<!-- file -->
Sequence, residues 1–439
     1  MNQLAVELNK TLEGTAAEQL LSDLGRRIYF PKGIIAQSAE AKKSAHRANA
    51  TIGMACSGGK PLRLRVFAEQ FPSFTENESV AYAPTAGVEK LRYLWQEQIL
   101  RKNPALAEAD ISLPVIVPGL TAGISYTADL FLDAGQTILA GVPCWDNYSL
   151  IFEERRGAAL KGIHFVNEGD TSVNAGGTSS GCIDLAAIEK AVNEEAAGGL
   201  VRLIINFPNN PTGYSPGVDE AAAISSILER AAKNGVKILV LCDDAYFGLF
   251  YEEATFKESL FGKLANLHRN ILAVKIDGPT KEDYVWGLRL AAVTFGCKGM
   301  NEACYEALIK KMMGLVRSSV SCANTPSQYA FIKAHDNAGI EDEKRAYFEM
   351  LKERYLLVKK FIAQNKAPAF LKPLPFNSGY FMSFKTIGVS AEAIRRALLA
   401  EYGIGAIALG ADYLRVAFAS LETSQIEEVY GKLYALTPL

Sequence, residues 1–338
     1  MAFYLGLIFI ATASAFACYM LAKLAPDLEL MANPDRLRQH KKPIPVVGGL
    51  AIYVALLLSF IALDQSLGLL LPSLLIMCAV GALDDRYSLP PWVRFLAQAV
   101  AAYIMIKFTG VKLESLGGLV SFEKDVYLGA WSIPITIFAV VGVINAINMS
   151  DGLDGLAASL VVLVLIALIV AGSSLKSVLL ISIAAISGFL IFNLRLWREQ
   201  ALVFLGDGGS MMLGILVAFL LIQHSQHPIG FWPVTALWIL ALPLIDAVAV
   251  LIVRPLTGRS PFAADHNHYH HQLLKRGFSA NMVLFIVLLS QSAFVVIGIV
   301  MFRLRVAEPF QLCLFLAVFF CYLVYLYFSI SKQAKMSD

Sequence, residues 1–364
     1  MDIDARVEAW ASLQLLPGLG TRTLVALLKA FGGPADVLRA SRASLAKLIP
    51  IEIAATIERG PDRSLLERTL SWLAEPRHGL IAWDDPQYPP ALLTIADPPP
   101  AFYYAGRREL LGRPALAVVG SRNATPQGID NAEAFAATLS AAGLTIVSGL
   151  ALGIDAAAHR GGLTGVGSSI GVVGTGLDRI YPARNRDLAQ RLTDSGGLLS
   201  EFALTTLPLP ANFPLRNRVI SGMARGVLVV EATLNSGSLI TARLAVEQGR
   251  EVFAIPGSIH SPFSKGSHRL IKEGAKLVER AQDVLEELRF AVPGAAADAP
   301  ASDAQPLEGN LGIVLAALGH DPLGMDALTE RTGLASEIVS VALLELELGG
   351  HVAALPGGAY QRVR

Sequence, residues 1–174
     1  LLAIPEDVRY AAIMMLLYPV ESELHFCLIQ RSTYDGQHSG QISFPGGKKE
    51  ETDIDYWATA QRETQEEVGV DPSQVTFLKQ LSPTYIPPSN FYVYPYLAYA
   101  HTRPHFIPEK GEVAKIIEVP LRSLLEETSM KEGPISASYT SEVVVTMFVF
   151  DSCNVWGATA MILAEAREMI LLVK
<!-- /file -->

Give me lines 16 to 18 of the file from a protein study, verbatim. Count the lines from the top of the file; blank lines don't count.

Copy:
   201  ALVFLGDGGS MMLGILVAFL LIQHSQHPIG FWPVTALWIL ALPLIDAVAV
   251  LIVRPLTGRS PFAADHNHYH HQLLKRGFSA NMVLFIVLLS QSAFVVIGIV
   301  MFRLRVAEPF QLCLFLAVFF CYLVYLYFSI SKQAKMSD